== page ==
Or to put it another way, Christians need to find a way to thrive in a society that looks less and less like any sort of Christendom — and more and more like the diverse and complicated Roman Empire where their religion had its beginning, 2,000 years ago this week.


  1. Griff Wigley said:

    Look no further than this story for a good example of why institutional Christianity, in this case, Catholic, is losing its appeal: Wisconsin on the Map to Pray With Mary:

    Now, a little chapel among the dairy farms here, called Our Lady of Good Help, has joined that august company in terms of religious status, if not global fame. This month, it became one of only about a dozen sites worldwide, and the first in the United States, where apparitions of the Virgin Mary have been officially validated by the Roman Catholic Church.

    December 24, 2010
  2. David Ludescher said:


    I don’t get the connection you are trying to make.

    December 27, 2010
  3. Andy Kornkven said:

    I think I know what Griff is saying, but I think he is wrong. The mystical elements of the faith — such as miracles, visions and apparitions — were most prevalent when the Catholic faith was at its strongest in previous centuries. It was in the 20th century, and especially with the Vatican II council in the 60s, that the Catholic Church tried to become “modern” and turned toward worldly things, and away from more spiritual elements, such as praying the Rosary, for example. In doing this the Church followed in the footsteps of mainline Protestant denominations and became just another civic institution, and the sharp decline described by Ross Douthat began.

    December 28, 2010
  4. Griff Wigley said:

    Andy, I think you raise a valid issue, ie, the degree to which the Catholic Church has emphasized social justice matters vs. spiritual matters.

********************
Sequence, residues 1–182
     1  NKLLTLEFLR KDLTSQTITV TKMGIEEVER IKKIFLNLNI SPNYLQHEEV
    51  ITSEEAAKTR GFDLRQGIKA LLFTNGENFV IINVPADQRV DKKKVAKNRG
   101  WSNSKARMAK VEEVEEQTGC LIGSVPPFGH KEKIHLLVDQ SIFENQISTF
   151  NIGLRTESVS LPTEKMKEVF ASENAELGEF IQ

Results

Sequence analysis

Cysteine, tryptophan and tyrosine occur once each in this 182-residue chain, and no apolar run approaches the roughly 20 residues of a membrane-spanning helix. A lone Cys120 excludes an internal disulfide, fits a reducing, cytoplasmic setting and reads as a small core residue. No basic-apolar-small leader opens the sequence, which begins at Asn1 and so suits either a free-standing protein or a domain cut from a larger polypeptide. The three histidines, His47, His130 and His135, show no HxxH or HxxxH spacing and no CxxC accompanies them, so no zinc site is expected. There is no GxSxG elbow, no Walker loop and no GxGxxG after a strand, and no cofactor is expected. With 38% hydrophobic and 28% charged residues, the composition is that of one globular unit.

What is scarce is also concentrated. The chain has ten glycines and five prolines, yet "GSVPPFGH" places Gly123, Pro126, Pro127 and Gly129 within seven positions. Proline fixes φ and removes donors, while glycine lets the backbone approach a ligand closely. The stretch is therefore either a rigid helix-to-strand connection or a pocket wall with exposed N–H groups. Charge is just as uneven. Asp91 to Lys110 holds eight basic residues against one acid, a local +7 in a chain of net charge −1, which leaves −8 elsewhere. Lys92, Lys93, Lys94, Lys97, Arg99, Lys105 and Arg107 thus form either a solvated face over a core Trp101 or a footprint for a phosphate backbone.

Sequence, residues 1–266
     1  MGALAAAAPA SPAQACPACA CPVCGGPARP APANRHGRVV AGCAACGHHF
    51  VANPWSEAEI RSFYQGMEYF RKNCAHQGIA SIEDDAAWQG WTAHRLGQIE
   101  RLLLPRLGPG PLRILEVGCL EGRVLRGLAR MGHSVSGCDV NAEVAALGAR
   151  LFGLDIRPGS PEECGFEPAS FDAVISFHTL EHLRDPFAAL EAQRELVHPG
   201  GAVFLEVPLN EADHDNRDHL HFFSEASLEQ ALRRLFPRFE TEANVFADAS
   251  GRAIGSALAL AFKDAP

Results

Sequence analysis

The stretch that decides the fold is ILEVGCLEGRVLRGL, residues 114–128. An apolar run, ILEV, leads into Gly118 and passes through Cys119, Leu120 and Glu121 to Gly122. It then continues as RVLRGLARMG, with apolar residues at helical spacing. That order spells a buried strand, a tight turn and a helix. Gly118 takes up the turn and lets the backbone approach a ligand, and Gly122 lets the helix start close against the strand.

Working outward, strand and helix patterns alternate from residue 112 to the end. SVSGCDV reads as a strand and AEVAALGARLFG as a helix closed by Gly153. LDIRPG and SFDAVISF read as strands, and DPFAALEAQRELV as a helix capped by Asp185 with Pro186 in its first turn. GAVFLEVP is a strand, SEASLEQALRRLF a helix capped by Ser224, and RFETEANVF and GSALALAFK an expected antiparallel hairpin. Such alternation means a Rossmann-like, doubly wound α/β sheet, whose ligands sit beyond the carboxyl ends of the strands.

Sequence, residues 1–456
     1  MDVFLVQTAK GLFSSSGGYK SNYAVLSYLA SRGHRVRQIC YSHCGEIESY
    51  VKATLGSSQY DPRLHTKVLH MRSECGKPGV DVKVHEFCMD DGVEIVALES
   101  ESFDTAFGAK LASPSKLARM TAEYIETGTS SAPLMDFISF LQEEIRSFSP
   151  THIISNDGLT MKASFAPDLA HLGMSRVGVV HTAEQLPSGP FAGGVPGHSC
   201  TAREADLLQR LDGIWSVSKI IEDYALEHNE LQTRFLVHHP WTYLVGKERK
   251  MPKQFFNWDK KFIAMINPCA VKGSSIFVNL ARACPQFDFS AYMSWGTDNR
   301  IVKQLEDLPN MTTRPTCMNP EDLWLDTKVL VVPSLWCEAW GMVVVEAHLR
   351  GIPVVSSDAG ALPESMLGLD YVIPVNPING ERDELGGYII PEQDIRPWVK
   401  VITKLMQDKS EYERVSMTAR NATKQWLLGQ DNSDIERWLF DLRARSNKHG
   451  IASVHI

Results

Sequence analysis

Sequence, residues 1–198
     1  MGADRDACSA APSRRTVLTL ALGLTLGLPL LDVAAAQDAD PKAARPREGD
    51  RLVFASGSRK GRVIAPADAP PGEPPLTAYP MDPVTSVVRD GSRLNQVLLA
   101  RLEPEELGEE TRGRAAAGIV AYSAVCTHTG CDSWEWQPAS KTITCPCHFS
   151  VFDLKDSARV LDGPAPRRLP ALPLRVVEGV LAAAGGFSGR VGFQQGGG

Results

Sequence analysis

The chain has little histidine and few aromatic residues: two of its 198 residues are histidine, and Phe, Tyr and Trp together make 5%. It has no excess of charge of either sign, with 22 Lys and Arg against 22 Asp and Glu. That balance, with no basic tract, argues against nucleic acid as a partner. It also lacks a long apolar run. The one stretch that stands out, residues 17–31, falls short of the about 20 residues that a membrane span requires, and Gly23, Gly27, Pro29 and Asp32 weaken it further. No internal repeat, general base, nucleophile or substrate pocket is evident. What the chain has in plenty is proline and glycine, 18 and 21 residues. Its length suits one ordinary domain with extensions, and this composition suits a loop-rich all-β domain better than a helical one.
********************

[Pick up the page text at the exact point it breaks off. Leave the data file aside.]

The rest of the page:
But I’d argue that for the church to concern itself with apparitions of the Virgin Mary is not related to spirituality at all but more akin to superstition and fortune telling, which, in the long run, undermines its institutional status among the vast majority of Catholics (to answer your question, David.)

    See yesterday’s NY Times: Thais Look to the Supernatural

    Advice and inspiration for choosing lottery numbers in Thailand ranks very high among favorite conversation topics. One regular story on the evening news features villagers coming across potential lottery numbers like apparitions. Recent examples: a five-legged cow and stillborn Siamese piglets, attached at the chest, with eight legs, three ears and one head. Potential winning number: 5-8-3-1.

    December 29, 2010
  5. Bruce Morlan said:

    If your eyes are open you might look at the Kalama Sutta for guidance on how to approach deciding about religiosity, but if you heart is steeled against discovery, then perhaps not. The science is clear, though. The placebo effect even works amongst the unbelievers who are told that they are being given placebos. The mind is a powerful machine and if closing your eyes and clapping your hands helps Tinkerbell to recover, then close your eyes and clap your hands. If being part of a community of like-minded people increases your life span, then seek those people out and join with them.

    But if your beliefs require that you convert the non-believer (as two out of the three main streams bubbling out of the Abrahamic fountain believe), then that is another matter. I don’t know if the placebo effect extends to cover that situation.

    December 30, 2010